Sarath Silva’s argument that the President Mahinda Rajapakse when he was elected for the second time was automatically disqualified to contest for a further term under Article 31(2) should be viewed differently, that is if in the course of the Presidency of Mahinda Rajapakse a valid change has taken place in the Constitution of Sri Lanka the benefit of that change should come to the President in place, otherwise it would be a denial of justice the benefit of which would be to the people.
The Constitution cannot be interpreted taking it away from the people for whose benefits the Constitution exists. The Supreme Court that would be called upon to interpret the relevant provisions of the Constitution should not argue on dry legal theories, but by viewing how the changes to the Constitutions should be appropriately interpreted without depriving the people the benefits that they would acquire from having the same President elected for a further term to continue the work that has been acclaimed by the people as beneficial to them.
An Amendment to the Constitution changes the whole aspect of the Constitution and the Constitution which was passed on 7 September, 1978, is no more the same to day with its 18 Amendments. The benefits accrued through the Amendments to the Constitution should be equally shared by the people and therefore the benefits from the 18th Amendment cannot be denied to the current President on the ground that he was elected President before the 18th Amendment was passed, and that he is a “child” of the Article 31(2) of the “ancient” Constitution of 1978. The 18th Amendment changes radically the Article 31 (2) of the September,1978 Constitution of Sri Lanka.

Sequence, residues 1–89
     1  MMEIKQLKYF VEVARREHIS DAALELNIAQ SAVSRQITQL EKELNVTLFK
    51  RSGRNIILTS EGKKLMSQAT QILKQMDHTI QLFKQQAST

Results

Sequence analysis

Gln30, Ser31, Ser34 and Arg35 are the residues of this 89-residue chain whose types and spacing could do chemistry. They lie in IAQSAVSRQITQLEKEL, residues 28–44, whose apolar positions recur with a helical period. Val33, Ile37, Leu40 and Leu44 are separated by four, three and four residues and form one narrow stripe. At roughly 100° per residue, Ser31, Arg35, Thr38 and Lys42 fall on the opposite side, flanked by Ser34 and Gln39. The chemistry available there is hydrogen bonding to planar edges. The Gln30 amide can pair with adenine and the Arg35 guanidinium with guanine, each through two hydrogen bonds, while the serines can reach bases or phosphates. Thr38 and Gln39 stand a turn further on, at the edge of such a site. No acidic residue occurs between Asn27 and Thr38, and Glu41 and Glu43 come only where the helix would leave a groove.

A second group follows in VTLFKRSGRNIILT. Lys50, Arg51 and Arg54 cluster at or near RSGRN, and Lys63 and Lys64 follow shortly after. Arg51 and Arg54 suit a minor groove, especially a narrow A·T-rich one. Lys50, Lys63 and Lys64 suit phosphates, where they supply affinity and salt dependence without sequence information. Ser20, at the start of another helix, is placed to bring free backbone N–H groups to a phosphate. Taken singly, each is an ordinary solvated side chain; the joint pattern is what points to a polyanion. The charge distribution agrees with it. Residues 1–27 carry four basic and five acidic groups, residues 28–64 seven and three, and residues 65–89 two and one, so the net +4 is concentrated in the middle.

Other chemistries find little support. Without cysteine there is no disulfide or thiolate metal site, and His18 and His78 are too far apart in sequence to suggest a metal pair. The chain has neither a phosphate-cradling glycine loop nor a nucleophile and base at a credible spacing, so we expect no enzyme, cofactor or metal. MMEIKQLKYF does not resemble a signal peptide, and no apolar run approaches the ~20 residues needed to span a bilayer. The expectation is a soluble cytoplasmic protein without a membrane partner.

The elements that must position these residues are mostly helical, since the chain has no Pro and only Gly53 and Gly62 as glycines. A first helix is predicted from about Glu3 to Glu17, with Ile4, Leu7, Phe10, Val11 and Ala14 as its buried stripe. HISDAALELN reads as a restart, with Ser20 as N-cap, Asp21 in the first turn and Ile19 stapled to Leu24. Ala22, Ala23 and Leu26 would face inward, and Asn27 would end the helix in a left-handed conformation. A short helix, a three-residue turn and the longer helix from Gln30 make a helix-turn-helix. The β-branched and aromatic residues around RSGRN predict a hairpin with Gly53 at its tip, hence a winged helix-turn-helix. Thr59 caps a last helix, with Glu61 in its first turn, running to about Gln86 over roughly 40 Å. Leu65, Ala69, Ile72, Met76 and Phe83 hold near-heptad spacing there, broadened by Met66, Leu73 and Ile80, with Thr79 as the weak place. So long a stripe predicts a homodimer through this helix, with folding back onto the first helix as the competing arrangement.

The Article 31(2) which read “ No person who has been twice elected to the office of President by the People shall be qualified thereafter to be elected to such office by the People.”, has now been amended to read, “ Notwithstanding any thing to the contrary in the preceding provisions of this Chapter, the President may, at anytime after the expiration of four years from the commencement of the current term of office by proclamation, declare his intention of appealing to the People for a mandate to hold the office.” (emphasized)
This contradicts Sarath Silva’s contention that the President Mahinda Rajapakse having been elected before the introduction of the 18th Amendment is bound by the Article 31(2) of the Septemnber,1978 Constitution. But under the provision of the 18th Amendment President Mahinda Rajapakse elected before the introduction of the 18th Amendment is nonetheless well entrenched within the terms of the 18th Amendment and is qualified to demand the People for a mandate for a third term.
This provision which allows the President to declare his intention of seeking election for a third term is by virtue of his being the “ currently sitting President”. But not withstanding the provision to seek election after the expiration of four years from the current term of office, if the President Mahinda Rajapakse were to continue his presidency until November, 2016 the end of the period for which has been elected, then there would be no possibility for any one to contest his qualification to contest the Presidential elections for a third time or more.
For that the people should be allowed the largest number of choices from which to choose without restricting them to an artificial choice selected by the application of the rigid law. That would be a denial of the right of the peoples’ choice which would be to step out of democracy applying legal interpretations to restrict the people of their free choice of their President or their representatives.